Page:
Keep Reading…

Venezuela’s Collapse: Horror Beyond Belief

This article appeared online at TheNewAmerican.com on Tuesday, October 18, 2016:  

The Coat of arms of Venezuela

When Matt O’Brien updated his previous article on the slow-motion collapse of Venezuela on Monday for the Washington Post, he reviewed the symptoms achingly familiar to those following the events: the collapse of oil prices; the incompetence of the cronies running the state-owned oil company (former Marxist Hugo Chávez replaced the workers who knew what they were doing with political cronies who didn’t); the inflation of the currency followed as night follows day, with price controls to mask the resulting inflation; inflation, as measured by the black market’s pricing of the Venezuelan bolivar, causing the bolivar to lose more than 90 percent of its value in just two years; the empty supermarket shelves; the oppression by police of those standing in long lines to purchase whatever might be left in those stores; and on and on. As O’Brien lamented:

Keep Reading…

Brazil’s Former President Lula to Stand Trial in Third Corruption Case

This article appeared online at TheNewAmerican.com on Friday, October 14, 2016:  

Brazil’s former president, Luiz Inácio Lula da Silva (shown), will stand trial for another instance of corruption relating to the scandal uncovered by Operation Car Wash, a corruption case that has engulfed Petrobras, the state-owned energy company, since 2014.

This time the prosecution is getting some help from one of those already tried, convicted, and sentenced to prison:

Keep Reading…

Gun Background Check Denials Not Prosecuted, Appeals Not Processed

This article appeared online at TheNewAmerican.com on Monday, October 10, 2016: 

Brady Campaign

The audit released last month of how well the FBI is handling background check denials by the Inspector General’s Office in the Justice Department was designed to “focus on how the DOJ handles” denials. What it revealed was unsettling: “We found that the number of NICS [National Instant Criminal Background Check System] denial prosecutions has dropped substantially since 2002, when 166 subjects were accepted for consideration of prosecution. Between 2008 and 2015 … the USAO [United States Attorney’s Office] accepted for consideration of prosecution 254 subjects … less than 32 subjects per year.”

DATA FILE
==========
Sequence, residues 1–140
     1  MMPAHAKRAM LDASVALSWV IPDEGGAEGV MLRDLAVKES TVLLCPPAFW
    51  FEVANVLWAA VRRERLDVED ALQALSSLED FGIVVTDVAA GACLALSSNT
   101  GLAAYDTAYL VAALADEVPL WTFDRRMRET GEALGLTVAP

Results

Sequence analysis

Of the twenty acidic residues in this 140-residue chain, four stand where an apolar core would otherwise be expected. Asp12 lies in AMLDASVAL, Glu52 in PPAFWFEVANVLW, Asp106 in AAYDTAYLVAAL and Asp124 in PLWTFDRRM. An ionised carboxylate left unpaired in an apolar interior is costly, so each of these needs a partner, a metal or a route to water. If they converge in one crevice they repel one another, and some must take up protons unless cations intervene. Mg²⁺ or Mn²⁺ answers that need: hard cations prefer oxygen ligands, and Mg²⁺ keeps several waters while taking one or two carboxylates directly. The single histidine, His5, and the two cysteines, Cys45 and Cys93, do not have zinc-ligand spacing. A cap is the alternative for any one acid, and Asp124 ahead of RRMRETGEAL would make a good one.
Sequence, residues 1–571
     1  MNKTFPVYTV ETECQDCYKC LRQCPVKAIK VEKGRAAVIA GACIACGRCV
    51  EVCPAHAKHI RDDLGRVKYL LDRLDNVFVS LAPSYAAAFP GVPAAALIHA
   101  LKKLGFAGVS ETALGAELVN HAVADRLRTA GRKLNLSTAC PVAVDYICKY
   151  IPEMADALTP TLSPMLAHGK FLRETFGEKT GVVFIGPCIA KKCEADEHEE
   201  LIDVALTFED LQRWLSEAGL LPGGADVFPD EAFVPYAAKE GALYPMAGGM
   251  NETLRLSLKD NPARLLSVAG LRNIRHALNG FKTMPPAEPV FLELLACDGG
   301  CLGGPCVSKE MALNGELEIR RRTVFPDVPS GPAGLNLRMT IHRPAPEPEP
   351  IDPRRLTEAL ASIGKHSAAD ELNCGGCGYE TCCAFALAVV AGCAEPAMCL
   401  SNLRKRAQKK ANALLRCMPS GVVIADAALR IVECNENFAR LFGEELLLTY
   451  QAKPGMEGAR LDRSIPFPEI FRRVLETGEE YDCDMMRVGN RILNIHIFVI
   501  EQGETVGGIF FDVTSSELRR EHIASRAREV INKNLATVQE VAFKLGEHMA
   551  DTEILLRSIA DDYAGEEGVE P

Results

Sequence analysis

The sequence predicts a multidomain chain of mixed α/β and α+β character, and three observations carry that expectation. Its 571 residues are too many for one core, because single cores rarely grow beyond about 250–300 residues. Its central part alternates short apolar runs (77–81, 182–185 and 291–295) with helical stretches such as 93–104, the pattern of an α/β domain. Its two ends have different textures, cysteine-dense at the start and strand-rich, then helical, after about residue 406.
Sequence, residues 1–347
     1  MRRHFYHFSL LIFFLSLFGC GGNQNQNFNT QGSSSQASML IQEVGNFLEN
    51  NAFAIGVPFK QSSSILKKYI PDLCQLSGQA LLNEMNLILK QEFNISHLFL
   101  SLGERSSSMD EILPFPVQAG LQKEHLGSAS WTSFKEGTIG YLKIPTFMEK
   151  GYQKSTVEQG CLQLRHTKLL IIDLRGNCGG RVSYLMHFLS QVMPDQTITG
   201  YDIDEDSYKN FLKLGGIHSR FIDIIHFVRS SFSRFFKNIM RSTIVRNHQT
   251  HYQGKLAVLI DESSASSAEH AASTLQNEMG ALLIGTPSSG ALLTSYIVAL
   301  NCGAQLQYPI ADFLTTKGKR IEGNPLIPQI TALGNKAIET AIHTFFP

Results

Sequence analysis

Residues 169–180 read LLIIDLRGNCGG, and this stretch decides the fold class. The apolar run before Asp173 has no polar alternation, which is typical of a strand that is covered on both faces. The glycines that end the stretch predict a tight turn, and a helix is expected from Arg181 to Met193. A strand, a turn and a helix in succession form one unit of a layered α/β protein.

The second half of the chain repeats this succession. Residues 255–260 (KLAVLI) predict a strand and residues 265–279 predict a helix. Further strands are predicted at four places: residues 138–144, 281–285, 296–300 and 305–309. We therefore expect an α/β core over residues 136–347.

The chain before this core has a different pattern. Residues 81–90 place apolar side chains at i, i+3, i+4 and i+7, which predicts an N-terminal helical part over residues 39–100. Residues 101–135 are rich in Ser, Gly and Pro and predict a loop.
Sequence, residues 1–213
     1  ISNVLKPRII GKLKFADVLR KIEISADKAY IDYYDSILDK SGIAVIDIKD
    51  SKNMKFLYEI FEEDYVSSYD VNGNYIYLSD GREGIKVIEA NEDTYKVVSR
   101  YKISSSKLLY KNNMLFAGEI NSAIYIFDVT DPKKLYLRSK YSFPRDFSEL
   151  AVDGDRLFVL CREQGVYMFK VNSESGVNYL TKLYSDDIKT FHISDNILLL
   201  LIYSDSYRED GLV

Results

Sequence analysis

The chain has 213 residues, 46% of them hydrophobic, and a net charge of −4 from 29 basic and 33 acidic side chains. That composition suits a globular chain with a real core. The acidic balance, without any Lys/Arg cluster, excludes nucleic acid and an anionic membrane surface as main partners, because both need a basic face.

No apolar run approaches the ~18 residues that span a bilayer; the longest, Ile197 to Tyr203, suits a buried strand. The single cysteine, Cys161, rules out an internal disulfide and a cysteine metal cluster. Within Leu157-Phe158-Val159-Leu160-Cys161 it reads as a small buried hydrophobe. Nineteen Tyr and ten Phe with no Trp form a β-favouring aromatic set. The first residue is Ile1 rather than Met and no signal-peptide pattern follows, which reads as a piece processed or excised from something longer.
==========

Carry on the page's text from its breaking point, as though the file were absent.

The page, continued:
In other words, since 2008, while background checks have been soaring, the number of those being prosecuted for failing the check has dropped by 80 percent!

How can that be?

Keep Reading…

Chicago’s Futile Attempt to Shut Down Gun Pipeline

This article appeared online at TheNewAmerican.com on Friday, August 26, 2016: 

In the fall of 2014, Indiana resident Willie Lee Biles made several trips via a Mega Bus coach bus to Chicago carrying a gym bag containing more than 30 handguns. He would then sit on the front porch of a friend’s home on Southside Chicago and sell them to anyone who stopped by. The markups were sometimes three and four times what Biles paid for them back home.

Officials investigating the case said that at least one of his customers was a convicted felon, while others were gang members. In May Biles was convicted of selling firearms without a license, a misdemeanor, and could be incarcerated for up to five years and fined as much as $250,000.

Biles was part of the Iron Pipeline,

Keep Reading…

Venezuelan Exodus Accelerates

This article appeared online at TheNewAmerican.com on Wednesday, August 24, 2016:  

Prison 015

Since early July an estimated 300,000 Venezuelans have crossed the border into Colombia seeking to purchase basic necessities. Some decided to stay.